Even the most sophisticated IT organizations have traditionally planned their SOA initiatives the old-fashioned way: on whiteboards, in hall conversations and email exchanges, and perhaps at best using that most sophisticated of tools, the spreadsheet. These ad-hoc approaches result in static, opaque and untraceable decision making – clearly not a good idea when IT funding is tight and expectations are high. By systematizing and automating information gathering and governance approval processes within a dynamic environment, Portfolio Manager breaks down communication barriers and provides a visible and understandable path from initial service concept through initiative alignment and prioritization to resource allocation and funding. Portfolio Manager comes preloaded with a clear, effective and fully extensible service planning metamodel and role-based governance approval processes. This preloaded configuration can be used as is out of the box, or IT organizations can easily fine-tune Portfolio Manager using its graphical drag-and-drop based configuration tools to align with their internal service planning metrics, processes and roles.
APQC’s Process Classification FrameworksSM (PCFs) come preloaded in Portfolio Manager, giving enterprises ready access to industry best practices and process guidance. Both cross-industry and industry-specific frameworks are provided, with industry-specific frameworks addressing the aerospace/defense, automotive, broadcasting, consumer products, electric utilities, petroleum (both upstream and downstream), pharmaceutical and telecommunications domains. By leveraging the combined experience of the APQC membership through these frameworks IT organizations can apply best practice benchmarks to their process definition and decomposition efforts, improving business efficiency and expanding opportunities for business leverage with their SOA initiative.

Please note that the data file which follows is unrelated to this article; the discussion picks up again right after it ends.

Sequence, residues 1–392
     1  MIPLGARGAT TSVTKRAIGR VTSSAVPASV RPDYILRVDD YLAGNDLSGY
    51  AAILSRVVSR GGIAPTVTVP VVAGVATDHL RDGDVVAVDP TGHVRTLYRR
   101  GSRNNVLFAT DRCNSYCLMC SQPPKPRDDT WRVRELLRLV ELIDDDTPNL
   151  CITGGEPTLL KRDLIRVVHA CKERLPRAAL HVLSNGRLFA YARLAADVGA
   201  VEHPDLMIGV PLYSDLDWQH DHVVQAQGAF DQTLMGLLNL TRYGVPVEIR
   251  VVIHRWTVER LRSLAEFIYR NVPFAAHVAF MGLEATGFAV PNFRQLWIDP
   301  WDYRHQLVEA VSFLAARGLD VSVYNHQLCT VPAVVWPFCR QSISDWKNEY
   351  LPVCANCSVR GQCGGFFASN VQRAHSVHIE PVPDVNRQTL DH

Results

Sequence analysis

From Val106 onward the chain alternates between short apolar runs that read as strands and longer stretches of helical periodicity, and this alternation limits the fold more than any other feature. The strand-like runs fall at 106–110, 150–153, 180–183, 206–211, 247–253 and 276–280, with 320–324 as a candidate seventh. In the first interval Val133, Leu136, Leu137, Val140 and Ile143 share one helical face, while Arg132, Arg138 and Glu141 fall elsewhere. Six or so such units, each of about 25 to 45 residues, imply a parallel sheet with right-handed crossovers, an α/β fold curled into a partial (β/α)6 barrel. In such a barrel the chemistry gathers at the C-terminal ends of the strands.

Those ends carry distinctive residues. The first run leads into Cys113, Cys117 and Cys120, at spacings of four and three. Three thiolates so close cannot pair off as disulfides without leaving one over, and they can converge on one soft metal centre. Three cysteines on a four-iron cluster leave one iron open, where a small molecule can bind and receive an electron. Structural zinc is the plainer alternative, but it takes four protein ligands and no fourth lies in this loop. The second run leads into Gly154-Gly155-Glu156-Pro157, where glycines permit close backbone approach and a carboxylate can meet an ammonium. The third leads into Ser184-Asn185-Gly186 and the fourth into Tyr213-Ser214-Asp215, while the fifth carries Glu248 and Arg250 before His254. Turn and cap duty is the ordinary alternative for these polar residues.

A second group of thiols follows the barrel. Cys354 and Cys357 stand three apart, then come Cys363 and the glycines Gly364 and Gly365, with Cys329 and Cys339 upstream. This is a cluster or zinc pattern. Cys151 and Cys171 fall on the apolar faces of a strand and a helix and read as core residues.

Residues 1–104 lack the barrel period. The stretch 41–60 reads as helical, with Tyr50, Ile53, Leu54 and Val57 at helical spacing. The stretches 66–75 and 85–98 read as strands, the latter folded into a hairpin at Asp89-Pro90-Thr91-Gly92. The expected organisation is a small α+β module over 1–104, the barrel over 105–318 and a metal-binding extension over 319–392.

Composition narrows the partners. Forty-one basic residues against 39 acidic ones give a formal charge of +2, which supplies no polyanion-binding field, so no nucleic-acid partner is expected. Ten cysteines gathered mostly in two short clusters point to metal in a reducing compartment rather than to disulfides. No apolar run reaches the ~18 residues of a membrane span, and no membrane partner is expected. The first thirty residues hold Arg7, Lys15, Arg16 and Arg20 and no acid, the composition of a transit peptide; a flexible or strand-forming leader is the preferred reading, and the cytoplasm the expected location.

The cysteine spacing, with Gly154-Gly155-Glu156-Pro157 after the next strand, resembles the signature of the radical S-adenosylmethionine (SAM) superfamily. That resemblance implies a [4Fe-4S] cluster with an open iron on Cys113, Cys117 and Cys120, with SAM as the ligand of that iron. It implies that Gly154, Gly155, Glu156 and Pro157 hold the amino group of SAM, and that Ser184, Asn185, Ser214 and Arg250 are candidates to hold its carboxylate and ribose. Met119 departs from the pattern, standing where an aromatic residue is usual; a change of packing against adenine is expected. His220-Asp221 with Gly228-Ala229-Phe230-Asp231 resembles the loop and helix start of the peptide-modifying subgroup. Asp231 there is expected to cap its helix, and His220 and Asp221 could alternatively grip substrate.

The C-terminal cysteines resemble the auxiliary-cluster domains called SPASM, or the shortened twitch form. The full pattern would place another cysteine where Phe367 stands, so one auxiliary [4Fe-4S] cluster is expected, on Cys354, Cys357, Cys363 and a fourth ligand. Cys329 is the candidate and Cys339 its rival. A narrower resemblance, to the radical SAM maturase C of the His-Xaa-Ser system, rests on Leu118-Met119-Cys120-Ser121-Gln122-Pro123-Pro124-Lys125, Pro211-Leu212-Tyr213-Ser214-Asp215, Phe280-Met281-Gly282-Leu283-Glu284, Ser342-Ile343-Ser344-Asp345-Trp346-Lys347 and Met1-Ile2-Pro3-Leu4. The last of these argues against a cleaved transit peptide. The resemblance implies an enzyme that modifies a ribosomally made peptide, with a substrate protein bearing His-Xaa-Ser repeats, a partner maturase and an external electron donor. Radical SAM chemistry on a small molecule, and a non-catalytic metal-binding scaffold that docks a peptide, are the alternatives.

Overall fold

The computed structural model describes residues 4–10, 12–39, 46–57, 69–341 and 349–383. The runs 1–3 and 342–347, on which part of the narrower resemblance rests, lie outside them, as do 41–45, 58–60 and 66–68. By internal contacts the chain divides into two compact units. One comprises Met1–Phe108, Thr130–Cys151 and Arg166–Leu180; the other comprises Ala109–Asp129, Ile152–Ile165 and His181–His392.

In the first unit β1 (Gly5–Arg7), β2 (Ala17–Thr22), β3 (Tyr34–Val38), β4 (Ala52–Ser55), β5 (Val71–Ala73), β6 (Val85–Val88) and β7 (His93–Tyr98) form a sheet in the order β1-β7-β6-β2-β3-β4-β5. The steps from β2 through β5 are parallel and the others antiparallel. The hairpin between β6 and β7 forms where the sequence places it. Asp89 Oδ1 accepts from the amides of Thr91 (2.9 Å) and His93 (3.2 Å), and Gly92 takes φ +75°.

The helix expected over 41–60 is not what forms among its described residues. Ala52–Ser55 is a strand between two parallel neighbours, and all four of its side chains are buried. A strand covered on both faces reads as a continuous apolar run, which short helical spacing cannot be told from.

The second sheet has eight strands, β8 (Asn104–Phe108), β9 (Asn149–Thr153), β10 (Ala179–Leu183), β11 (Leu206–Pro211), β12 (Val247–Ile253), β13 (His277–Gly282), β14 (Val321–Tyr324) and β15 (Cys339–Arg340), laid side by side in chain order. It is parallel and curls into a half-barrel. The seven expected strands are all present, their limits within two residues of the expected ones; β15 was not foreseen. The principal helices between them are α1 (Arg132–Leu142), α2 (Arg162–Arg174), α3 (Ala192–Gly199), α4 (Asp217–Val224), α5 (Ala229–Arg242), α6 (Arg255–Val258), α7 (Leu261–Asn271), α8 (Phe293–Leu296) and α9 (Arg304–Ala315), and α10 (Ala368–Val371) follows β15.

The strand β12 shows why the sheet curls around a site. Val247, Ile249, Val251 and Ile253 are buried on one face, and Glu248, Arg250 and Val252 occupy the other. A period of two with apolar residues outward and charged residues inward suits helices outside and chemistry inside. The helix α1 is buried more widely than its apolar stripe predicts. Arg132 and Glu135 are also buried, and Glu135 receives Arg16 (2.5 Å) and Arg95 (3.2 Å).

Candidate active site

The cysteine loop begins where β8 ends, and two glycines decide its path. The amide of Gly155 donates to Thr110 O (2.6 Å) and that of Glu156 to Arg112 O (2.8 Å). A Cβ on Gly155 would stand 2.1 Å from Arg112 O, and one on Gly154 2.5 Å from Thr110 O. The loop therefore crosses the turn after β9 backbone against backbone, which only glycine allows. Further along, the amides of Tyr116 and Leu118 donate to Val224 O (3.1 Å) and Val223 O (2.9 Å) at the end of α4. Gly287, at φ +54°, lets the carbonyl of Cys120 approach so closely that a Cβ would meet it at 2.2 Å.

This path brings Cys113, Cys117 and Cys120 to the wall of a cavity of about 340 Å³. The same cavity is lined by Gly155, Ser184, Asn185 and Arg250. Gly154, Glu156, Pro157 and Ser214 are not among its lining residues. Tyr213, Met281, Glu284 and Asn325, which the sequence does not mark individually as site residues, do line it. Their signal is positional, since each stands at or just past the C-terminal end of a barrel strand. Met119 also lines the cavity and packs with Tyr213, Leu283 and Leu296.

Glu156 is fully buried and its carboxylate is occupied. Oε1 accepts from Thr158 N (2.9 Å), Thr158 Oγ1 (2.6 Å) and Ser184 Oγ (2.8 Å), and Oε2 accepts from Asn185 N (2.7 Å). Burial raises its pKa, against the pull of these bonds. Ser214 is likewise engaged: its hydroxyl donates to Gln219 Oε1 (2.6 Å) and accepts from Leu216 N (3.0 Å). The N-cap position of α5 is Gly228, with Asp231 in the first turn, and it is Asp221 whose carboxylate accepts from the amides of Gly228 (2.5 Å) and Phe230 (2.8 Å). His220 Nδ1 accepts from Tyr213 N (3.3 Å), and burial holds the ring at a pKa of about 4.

The PCF was developed by non-profit APQC, a global resource for benchmarking and best practices, and its member companies as an open standard to facilitate improvement through process management and benchmarking, regardless of industry, size, or geography. The PCF organizes operating and management processes into 12 enterprise level categories, including process groups and over 1,000 processes and associated activities. To download the full PCF or industry-specific versions of the PCF as well as associated measures and benchmarking, visit www.apqc.org/pcf.
For service portfolio planning to be effective, enterprises need to understand not only where they want to go (the “to be” state in Enterprise Architecture (EA) terms) but where they are starting (the EA “as is” state). Effective SOA initiatives must leverage existing system capabilities including purpose-built mainframe applications, packaged applications with their prebuilt Web service interfaces, data warehouses and other information-oriented resources, and upstream and downstream business partner interfaces to name a few. Portfolio Manager gives organizations a wide-ranging set of flexible mechanisms to pull this current state information into their service portfolio planning environment – from automated service discovery and introspection to bulk loading of application inventory information to integration frameworks that can tap into live sources of application and other system of record data. Within Portfolio Manager service planners can access this normalized information interactively, thereby improving their understanding of the current system environment and increasing the accuracy of their candidate service identification and definition efforts.